Queensland parents of students with disabilities demand more inclusive schools, call for fix to ‘broken’ system
By Sarah Richards, ABC News
Hazel Lloyd is homeschooling her son Taylor, but it wasn’t her first choice.
- Queensland Collective for Inclusive Education says a 2017 review didn’t go far enough
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Taylor, who has a disability, spent primary school in a classroom filled with his peers.
“He went to our local regular primary school down the road,” she said.
“They provided him with enough support to be known and valued in the school and known by his peers.”
But Ms Lloyd said the high school she enrolled her son in was less open to including him — so she took him out.
“Their intention was for him to be in that special education block,” she said.
“After two years, I realised that they were not going to be changing anytime soon, and that they would not be offering my son an inclusive schooling experience in the way the policy outlines.”
Ms Lloyd said while homeschooling has been a good experience, she would have preferred Taylor stay in a school with other students.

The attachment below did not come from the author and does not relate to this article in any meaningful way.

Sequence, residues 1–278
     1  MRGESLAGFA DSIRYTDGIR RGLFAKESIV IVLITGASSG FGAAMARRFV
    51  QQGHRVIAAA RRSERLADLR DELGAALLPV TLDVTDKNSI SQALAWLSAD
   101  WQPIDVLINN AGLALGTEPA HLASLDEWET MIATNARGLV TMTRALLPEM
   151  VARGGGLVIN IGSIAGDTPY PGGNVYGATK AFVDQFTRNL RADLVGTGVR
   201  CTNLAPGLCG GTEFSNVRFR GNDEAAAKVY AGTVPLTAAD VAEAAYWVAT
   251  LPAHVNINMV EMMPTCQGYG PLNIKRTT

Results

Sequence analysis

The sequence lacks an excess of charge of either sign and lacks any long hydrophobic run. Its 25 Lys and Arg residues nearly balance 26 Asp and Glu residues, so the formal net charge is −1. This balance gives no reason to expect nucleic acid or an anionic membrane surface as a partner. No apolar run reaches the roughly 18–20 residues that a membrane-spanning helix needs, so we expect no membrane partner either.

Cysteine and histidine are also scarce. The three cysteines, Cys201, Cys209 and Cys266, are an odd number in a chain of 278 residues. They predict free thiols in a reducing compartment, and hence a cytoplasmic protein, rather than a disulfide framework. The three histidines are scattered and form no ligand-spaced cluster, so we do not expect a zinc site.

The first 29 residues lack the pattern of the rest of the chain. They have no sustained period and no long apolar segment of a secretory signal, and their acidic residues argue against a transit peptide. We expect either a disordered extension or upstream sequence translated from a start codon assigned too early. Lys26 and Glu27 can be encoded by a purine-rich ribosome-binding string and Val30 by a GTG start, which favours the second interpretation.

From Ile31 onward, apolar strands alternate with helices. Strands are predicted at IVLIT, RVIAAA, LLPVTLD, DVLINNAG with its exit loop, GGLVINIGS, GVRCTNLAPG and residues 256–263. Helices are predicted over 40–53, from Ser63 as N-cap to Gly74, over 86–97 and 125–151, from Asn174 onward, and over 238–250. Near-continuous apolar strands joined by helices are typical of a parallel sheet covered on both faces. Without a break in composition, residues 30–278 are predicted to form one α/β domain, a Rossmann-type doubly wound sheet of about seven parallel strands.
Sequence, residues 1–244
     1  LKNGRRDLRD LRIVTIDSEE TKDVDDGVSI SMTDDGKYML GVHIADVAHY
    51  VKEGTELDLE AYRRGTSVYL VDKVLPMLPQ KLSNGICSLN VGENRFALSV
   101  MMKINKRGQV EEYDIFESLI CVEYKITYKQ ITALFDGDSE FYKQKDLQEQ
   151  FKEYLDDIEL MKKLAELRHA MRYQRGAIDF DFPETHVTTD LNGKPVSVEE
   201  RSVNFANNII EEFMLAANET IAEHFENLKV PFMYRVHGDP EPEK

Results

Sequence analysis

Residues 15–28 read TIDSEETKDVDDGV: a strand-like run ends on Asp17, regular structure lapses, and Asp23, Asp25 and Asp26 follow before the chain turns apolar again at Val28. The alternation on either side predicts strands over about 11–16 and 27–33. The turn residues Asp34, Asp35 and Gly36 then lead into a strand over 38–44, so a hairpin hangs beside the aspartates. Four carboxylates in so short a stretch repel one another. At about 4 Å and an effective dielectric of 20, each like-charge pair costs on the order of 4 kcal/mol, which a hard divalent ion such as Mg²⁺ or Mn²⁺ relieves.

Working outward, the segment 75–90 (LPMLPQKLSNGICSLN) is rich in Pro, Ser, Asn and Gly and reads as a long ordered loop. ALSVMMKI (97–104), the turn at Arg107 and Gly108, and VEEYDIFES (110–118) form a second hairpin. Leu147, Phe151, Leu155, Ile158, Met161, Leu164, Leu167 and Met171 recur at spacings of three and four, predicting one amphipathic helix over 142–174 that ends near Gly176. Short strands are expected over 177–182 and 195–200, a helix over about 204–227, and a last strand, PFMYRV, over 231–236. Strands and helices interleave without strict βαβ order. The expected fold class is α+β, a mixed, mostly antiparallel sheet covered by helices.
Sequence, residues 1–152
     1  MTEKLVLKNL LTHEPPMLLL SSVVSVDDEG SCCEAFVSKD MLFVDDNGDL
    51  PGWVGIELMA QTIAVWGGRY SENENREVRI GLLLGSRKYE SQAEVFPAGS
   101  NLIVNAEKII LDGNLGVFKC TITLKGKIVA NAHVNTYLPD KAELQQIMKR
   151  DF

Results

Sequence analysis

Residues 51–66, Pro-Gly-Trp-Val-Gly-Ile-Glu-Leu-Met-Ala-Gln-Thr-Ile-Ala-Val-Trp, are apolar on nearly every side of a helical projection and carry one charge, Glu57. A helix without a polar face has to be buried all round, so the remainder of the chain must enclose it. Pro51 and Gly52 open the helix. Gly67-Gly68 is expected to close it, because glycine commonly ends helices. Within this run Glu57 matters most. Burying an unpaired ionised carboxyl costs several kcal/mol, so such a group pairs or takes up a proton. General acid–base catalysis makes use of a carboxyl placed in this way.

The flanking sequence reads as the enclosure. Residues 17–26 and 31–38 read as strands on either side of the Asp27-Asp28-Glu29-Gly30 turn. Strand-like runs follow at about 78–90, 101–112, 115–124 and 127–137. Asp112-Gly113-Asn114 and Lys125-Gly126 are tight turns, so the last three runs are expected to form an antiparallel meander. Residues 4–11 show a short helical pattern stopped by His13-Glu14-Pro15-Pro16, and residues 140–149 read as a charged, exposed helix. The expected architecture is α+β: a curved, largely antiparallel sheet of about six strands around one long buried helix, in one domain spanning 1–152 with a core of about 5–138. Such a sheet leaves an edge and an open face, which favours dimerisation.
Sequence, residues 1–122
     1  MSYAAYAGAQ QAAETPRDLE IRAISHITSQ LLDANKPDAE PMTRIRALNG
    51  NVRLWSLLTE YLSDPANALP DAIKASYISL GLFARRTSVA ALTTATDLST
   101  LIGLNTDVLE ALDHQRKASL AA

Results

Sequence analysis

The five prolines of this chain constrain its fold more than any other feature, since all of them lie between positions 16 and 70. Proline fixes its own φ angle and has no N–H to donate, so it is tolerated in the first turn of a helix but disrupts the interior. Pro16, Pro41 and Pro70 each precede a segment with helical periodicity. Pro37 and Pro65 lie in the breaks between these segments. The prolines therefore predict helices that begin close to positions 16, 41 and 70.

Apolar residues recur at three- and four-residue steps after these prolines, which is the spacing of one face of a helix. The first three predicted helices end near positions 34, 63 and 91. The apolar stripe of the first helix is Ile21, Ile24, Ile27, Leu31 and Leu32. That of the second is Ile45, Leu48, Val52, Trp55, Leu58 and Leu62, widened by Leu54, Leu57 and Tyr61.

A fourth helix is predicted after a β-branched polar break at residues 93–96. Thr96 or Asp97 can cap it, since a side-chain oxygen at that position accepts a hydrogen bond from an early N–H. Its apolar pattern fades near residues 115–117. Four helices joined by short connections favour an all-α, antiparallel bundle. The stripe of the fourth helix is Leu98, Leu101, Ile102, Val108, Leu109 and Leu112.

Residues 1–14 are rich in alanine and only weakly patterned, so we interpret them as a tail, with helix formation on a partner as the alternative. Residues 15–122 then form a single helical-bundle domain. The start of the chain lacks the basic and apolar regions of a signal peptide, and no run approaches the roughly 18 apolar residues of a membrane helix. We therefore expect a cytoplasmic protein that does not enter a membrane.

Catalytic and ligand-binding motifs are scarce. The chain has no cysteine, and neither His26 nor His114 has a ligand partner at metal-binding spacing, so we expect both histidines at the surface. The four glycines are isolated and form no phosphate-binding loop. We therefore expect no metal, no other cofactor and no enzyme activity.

A review not enough
Ms Lloyd, who is also the convenor for the Queensland Collective for Inclusive Education, said her story is not an isolated case.
She is among the many parents calling for the Queensland government to make schools more inclusive for all students.
“It is a broken system for many kids,” she said.
“So many Queensland students are not able to attend their local school, are still segregated from their peers, or are not being provided with the legally required supports to participate on the same basis as their peers.”
An independent review commissioned by Queensland Department of Education into education for students with disability in Queensland state schools was completed in 2017.
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